Sunday, January 17, 2010

Report on Human Beings

Report on Human Beings
by Michael Goldman

You know about desks and noses,
proteins, mortgages, orchestras,
nationalities, contraceptives;
you have our ruins and records,
but they won't tell you
what we were like.

We were distinguished
by our interest in scenery;
we could look at things for hours
without using or breaking them--
and there was a touch of desperation, not to be found
in any other animal,
in the looks of love we directed
at our children.

We were treacherous of course.
Like anything here--
winds, dogs, the sun--
we could turn against you unexpectedly,
we could let you down.
But what was remarkable about us
and which you will not believe
is that we alone,
with the exception of a few pets
who probably learned it from us,
when betrayed
were frequently surprised.

We were one of a million species
who continually cried out
or silently wept with pain.
I am proud that we alone resented
taking part in the chorus.

Yes, some of us
like to cause pain.
Yes, most of us
sometimes
liked to cause pain,
but I am proud that most of us
were ashamed
afterward.

Our love of poetry would have amused you;
we were so proud of language
we thought we invented it
(and thus failed to notice
the speech of the animals,
the birds' repeated warnings,
the whispered intelligence
of mutant cells).

We did invent boredom,
a fruitful state.
It hid the size of our desires.
We were spared many murders,
many religions
because we could say, "I am bored."
A kind of clarity
came when we said it
and we could go to Paris or the movies,
give useful parties, master languages,
rather than sink our teeth in our lover's throat
and shake till things felt right again.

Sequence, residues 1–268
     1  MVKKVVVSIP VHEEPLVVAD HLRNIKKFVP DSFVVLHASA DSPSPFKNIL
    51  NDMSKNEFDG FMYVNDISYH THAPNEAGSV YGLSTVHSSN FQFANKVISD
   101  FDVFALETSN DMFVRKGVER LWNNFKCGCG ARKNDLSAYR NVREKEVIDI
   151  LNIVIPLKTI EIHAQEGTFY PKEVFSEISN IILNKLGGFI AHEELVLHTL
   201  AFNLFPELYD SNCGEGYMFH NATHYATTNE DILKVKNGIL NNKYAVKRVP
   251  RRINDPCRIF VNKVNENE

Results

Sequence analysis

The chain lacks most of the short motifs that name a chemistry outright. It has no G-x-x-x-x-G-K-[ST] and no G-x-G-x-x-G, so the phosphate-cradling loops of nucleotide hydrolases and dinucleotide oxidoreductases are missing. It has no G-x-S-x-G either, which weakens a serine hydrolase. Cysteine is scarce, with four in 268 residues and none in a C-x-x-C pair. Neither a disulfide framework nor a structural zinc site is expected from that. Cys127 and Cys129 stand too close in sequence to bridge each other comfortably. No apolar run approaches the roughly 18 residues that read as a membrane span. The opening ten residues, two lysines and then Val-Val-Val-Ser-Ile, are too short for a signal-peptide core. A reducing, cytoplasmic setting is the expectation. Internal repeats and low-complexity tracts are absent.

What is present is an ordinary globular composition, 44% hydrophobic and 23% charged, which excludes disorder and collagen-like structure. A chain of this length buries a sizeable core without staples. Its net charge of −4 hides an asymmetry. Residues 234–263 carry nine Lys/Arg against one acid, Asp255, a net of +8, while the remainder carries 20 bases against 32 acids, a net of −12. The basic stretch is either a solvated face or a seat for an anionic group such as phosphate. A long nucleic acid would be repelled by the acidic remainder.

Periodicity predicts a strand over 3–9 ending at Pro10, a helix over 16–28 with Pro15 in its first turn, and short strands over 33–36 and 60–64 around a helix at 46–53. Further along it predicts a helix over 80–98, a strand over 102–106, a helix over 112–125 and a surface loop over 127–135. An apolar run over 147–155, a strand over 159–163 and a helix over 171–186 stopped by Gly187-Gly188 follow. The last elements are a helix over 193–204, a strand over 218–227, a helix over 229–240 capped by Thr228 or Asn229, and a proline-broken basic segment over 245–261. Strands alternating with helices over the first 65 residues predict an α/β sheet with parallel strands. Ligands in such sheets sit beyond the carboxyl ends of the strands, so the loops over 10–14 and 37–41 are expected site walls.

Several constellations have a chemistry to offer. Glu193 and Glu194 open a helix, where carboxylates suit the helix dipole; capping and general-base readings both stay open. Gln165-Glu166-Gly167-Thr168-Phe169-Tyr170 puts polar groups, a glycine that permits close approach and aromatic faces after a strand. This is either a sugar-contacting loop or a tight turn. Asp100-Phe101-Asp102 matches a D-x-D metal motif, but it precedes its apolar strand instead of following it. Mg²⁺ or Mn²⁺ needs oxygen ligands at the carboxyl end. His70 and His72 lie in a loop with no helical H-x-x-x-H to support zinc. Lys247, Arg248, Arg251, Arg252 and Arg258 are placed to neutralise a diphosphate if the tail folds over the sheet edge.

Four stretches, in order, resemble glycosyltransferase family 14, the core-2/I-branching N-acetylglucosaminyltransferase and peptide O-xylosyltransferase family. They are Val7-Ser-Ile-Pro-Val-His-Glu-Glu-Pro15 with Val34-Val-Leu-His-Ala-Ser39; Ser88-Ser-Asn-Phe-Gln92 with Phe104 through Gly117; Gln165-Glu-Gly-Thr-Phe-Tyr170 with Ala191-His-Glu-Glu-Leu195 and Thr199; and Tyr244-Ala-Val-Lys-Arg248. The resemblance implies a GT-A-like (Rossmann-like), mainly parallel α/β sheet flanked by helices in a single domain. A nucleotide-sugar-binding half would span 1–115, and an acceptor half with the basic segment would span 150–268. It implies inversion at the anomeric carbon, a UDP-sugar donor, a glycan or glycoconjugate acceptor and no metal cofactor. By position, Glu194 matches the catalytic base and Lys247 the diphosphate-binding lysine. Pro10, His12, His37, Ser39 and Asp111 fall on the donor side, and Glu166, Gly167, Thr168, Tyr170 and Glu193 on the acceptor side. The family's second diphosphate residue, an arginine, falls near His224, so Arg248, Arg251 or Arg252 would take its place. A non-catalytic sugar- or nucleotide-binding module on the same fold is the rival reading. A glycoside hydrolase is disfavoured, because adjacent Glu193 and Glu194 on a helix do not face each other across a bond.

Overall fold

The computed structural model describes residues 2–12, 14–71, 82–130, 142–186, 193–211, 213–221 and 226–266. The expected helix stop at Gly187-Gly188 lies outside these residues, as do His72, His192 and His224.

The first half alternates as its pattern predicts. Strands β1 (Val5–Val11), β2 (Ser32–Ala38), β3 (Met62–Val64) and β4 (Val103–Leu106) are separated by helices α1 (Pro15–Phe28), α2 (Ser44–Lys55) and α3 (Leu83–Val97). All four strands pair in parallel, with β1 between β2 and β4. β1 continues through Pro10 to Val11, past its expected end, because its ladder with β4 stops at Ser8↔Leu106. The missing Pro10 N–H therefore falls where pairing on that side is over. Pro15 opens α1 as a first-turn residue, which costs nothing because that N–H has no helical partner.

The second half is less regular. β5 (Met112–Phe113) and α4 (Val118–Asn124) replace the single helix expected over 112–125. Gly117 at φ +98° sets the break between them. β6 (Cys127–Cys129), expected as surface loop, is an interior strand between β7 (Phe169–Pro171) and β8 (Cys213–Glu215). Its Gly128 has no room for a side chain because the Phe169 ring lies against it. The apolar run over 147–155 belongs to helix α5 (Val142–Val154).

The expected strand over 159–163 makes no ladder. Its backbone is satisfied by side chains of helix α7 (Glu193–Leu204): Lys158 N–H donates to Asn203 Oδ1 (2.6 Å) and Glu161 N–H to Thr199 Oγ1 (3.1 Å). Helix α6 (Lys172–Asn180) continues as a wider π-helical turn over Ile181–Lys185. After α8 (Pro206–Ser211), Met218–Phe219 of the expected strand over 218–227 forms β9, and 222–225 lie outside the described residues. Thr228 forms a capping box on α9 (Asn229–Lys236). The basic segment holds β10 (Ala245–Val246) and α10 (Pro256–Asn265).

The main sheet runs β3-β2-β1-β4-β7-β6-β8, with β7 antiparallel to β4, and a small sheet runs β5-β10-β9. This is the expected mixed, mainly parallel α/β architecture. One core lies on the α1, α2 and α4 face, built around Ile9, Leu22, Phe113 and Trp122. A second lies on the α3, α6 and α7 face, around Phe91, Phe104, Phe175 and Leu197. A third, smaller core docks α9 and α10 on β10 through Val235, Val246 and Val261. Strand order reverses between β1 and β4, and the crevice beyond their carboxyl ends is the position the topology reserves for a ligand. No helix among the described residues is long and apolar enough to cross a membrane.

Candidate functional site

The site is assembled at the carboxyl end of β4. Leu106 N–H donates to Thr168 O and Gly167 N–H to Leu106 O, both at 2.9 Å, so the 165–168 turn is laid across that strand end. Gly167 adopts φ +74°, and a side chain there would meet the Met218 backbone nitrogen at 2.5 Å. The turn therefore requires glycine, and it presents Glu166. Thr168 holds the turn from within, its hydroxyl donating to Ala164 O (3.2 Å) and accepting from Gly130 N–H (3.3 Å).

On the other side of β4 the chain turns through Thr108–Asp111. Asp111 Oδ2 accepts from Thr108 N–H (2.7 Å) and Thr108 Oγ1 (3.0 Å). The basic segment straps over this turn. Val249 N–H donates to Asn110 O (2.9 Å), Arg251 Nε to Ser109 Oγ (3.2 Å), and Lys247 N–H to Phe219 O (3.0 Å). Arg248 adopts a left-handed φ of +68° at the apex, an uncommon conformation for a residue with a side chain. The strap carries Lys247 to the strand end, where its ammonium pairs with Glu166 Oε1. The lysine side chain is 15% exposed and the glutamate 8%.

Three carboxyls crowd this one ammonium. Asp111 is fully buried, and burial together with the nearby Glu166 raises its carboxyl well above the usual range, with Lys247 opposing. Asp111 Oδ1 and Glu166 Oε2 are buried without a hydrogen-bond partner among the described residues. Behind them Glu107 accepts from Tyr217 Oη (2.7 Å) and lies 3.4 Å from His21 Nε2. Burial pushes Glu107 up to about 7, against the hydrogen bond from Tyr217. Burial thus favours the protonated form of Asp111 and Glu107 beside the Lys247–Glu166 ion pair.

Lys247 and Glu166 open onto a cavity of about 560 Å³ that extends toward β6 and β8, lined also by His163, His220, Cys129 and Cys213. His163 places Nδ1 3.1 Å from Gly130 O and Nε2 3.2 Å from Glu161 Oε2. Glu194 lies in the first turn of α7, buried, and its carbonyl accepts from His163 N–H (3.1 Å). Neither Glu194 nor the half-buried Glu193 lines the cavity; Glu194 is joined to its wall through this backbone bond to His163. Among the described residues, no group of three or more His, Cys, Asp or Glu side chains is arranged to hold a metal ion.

Out of the same pulsing world
you know,
out of gases, whorls,
fronds, feelers, jellies,
we devised hard edges,
strings of infinite tension stretched
to guide us.
The mind's pure snowflake
was our map.
Lines, angles, outlines
not to be found in rocks or seas
or living matter
or in the holes of space,
how strange these shapes must look to you,
at odds with everything,
uncanny, broken from the flow,
I think they must be for you
what we called art.

What was most wonderful about us
was our kindness,
but of this it is impossible to speak.
Only someone who knows our cruelty,
who knows the fears we always lived with,
fear of inside and outside, smooth and rough,
soft and hard, wet and dry, touch and no touch,
only someone who understands the great palace we built
on the axis of time
out of our fear and cruelty and called history,
only those who have lived in the anger
of a great modern city,
who saw the traffic in the morning
and the police at night
can know how heartbreaking
our kindness was.

Let me put it this way.
One of us said, "I think
our life is not as good
as the mind warrants,"
another, "It is hard
to be alone and alive at the same time."
To understand these statements
you would have to be human.

Our destruction as a species
was accidental.
Characteristically
we blamed it on ourselves,
which neither the eagle
nor the dinosaur would do.

Look closely around you,
study our instruments,
scan the night sky.
We were alien.
Nothing in the universe
resembles us.

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